First contact was N6JW, John in Riverside, CA with a 57 report! It was 10:45 PM CDT. I could hear him on the Cobra Ultralite but he was weak (44). He was 59 on the 4-BTV! I typically can’t work west on 20m that late into the night. This was quickly followed by contacts with stations in Washington, the Virgin Islands, and more in California. I’ll grant varying band conditions but it appeared that I was off to a great start.

My initial plan for Saturday was to spend the morning doing another NPOTA activation but with a brand new antenna and good results the first night of operation I decided to stay home. So Saturday morning I cleaned up the radial deployment from the prior night and began to operate. I did however decide to have a bit of fun with my wife as she was up at her mom’s. She thought I was going to be gone out on an NPOTA activation so I texted her a picture of the antenna in the middle part of the backyard at home:

XYL fun

XYL fun

She knew that I got the antenna but thought it was out on a portable operation. Little did she know that it was right in the middle of our backyard. (She came home later in the day Saturday and realized the location. It was funny. We quickly agreed on a permanent install location. She’s a keeper.)

4-BTV

4-BTV

4-BTV radials

4-BTV radials

Over the course of Saturday I had a few nice QSO’s and picked up a bunch of NPOTA stations. I did a lot of A\B testing from the 4-BTV to the Cobra Ultralite Senior and in most cases the signal was stronger on the vertical by around 2 S units. As I was writing this post I worked K6QCB at Yosemite (NPOTA NP58). This was at 01:39 AM UTC. He was 57 into my station and I received a 56 report in return. I could barely hear him on the Cobra Ultralite Senior. (Granted that he was running a portable station.) I also worked 4V1G while writing this (02:24 UTC). I broke the pile-up on the first call with a 59 report, granting the standard DX reporting standard – everyone’s a 59, and a bunch of other variables, it still feels good to do that with a new antenna even though there may well be a number of factors involved in obtaining the result. What’s most important is that he heard me in a pretty good sized pile-up. He was 57-58 into my station on the 4-BTV and 43-53 on the Cobra Ultralite Senior.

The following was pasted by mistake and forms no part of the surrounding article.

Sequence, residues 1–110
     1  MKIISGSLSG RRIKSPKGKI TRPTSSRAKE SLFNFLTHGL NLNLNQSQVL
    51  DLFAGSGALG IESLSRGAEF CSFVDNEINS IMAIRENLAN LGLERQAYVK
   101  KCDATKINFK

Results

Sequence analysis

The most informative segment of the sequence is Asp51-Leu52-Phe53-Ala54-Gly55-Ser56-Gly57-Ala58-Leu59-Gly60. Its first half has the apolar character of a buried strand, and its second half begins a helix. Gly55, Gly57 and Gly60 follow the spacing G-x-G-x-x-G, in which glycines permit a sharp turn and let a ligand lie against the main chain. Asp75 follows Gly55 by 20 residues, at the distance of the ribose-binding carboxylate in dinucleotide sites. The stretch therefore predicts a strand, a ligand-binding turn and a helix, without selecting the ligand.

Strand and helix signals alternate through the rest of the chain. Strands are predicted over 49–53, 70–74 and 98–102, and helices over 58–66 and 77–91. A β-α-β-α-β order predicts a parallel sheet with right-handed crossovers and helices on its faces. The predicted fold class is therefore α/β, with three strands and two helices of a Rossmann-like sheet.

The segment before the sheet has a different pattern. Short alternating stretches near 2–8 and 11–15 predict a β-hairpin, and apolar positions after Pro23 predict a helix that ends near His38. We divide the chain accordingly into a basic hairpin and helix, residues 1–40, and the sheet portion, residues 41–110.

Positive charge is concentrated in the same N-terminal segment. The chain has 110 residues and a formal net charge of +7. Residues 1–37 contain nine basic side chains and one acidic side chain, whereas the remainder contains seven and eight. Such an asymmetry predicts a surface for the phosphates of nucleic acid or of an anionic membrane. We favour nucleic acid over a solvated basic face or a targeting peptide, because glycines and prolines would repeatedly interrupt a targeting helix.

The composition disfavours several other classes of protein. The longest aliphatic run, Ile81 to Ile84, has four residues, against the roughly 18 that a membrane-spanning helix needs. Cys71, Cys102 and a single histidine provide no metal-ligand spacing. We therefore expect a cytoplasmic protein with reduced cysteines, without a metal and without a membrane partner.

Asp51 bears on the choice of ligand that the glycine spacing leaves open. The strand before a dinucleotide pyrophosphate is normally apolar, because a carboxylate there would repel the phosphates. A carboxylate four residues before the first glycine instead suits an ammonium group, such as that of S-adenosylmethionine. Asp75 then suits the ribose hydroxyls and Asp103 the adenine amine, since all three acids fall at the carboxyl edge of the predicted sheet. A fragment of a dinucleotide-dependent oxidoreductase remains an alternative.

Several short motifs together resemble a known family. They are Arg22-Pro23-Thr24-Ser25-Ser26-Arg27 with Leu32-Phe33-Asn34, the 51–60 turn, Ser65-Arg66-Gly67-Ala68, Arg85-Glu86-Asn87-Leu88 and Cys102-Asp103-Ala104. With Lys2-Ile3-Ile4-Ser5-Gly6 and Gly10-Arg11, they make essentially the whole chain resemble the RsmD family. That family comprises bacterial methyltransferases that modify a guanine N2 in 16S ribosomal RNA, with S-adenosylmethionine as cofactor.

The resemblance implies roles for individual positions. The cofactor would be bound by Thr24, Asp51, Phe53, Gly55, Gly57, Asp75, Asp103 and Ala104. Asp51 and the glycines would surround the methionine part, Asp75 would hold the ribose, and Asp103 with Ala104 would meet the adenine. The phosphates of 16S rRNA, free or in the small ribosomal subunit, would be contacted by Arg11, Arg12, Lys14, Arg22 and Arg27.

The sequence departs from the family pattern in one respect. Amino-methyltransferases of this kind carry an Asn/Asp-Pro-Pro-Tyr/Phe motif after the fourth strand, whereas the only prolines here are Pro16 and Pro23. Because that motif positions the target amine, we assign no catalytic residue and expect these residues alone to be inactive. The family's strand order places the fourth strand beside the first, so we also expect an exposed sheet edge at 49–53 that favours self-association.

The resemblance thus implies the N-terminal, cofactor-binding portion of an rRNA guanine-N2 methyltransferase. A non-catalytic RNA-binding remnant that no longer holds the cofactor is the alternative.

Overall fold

So far I am very very happy with the 4-BTV. In it’s temporary location it seems to be functioning very well. To be fair to my Cobra Ultralite Senior, one end has dropped a bit down in the tree that holds that end so it’s probably at 20 feet instead of 30 feet which in turn causes a bit more sag at the feedpoint in the middle. Another antenna project is to get its anchor points up higher in the trees. My guess is that this will improve it’s performance. In no way am I saying that the 4-BTV is better overall. It was better given today’s conditions and the Cobra’s current deployment. What I am saying is that having antenna options is very nice and I’m glad to have added the 4-BTV to my antenna farm. I can’t wait to get it permanently deployed. I’m going to use the DX Engineering radial plate so that I’ll have 60 radials as more is definitely better in the case of radials for a vertical antenna.